- The Daily Trojan also ran an article about how the USC faculty has collectively contributed over $3.5 million to the Obama campaign and only $43,000 to John McCain. And who said university professors were underpaid these days?
- Speaking of which, the savior of the secular world, Barack Obama himself, will be on campus this fall to talk about the new global, one-world culture.
- Not to be outdone, John McCain will also be passing through campus on a campaign swing to speak on unified global commerce in a borderless society. Of course, this was before the recent stock market meltdown, so I wonder if he’s thinking twice about making the trip. If he folded his tent in Michigan, why on earth would he come to California where he doesn’t stand a snowball’s chance in Mecca of even losing gracefully?
I took a stroll down to the Viterbi School of Engineering to test out my foreign language immersion techniques. Sadly, I have a lot of work to do in that area. Could be, past a certain age, the brain just doesn’t absorb Farsi, Arabic, Hindi or Chinese as easily as in younger years. However, when it comes to immersion, there is no better place to practice it. You won’t hear the English language in that part of campus except in the classroom. And the administration is considering a change to that practice since there are no more home grown students in those programs anymore. Lots of bright people in engineering at USC though. All grimly determined to do the heavy lifting, provide the brilliance and innovation at a better price, and not bother to see so much as a nickel of recompense for their efforts.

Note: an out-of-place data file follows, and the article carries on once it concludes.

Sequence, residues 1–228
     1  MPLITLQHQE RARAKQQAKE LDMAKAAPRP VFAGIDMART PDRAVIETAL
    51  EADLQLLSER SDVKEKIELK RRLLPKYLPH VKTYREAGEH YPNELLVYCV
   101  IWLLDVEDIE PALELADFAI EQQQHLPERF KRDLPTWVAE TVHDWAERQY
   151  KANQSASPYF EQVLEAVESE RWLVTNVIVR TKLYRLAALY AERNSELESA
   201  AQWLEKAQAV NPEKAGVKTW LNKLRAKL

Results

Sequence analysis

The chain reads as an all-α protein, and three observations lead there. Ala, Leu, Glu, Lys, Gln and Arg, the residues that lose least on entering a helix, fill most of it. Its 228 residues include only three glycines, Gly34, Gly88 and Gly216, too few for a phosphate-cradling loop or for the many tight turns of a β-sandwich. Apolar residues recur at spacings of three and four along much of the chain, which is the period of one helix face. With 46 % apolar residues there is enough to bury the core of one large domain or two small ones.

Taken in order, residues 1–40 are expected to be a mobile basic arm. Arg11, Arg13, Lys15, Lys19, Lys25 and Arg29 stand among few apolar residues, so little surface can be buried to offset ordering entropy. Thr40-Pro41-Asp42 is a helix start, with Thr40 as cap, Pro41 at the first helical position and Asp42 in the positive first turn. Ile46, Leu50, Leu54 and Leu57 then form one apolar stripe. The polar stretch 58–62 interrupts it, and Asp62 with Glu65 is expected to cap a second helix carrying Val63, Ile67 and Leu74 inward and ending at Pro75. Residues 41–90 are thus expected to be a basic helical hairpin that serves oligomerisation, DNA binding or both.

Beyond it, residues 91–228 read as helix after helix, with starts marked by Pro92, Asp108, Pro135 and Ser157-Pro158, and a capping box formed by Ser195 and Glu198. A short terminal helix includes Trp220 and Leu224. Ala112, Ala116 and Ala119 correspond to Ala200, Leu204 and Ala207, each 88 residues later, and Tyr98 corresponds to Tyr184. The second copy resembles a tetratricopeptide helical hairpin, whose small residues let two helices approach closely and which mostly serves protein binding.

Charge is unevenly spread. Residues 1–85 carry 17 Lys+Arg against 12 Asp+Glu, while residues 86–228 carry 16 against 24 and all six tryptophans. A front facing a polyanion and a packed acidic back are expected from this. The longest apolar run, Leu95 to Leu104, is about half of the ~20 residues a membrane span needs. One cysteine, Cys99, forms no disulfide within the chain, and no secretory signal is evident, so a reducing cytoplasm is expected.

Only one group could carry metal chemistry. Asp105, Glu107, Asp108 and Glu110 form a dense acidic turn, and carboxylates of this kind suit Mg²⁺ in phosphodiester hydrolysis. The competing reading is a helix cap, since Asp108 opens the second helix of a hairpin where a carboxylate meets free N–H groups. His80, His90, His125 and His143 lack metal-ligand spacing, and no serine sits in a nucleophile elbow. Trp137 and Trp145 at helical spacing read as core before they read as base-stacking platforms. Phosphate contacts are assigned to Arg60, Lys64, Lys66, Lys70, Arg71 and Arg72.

All the same, it was a football Saturday, and that’s what I came out for. There’s just so much cultural erosion one can absorb before the clarion call of the Trojan marching band calls the gridiron warriors to glory. And so it was on this day.
Upon arriving at the Coliseum, my friend and I took the tunnel walk. That’s the first excursion through the tunnel entrance to the stadium proper, after which, the scene explodes out on to a sea of green after nine months of nothing. It is a moment to be savored, and savor it we did on this afternoon as well.
The big buzz from the athletic department was whether USC quarterback Mark Sanchez will burst forth from the Coliseum tunnel at the home opener with the USC banner or the Mexican flag. He has already been turned down by the administration to have said flag stitched on his uniform jersey along with “Viva La Raza” where his name tape on the back of his jersey would ordinarily go. However, they did acquiesce when it came to engraving said Mexican flag on his mouthpieces, something one of the Latino USC dentists prepared for him personally.
True to his Cardinal and Gold roots, Sanchez came out with the Trojan banner, leading the team on its never-ending quest for glory and greatness.
And so, the game commenced. And when the dust settled, the Trojans crushed the hapless Buckeyes, 35-3, sent them reeling back to the frozen wastes of Columbus minus the tuba player to dot the I in Script Ohio and stood alone atop the college football world.
Kind of like America in 1945.
One week later, USC laid an egg of prehistoric proportions in Corvallis, Oregon against that awesome college football juggernaut, Oregon State. Season over. Unlike the teams of the SEC, USC doesn’t have a built-in mulligan in its golf bag. And now the Trojans sit on the sidelines, irrelevant, forgotten, a shadow of their former magnificent selves, while other, more vibrant programs vie for the BCS title.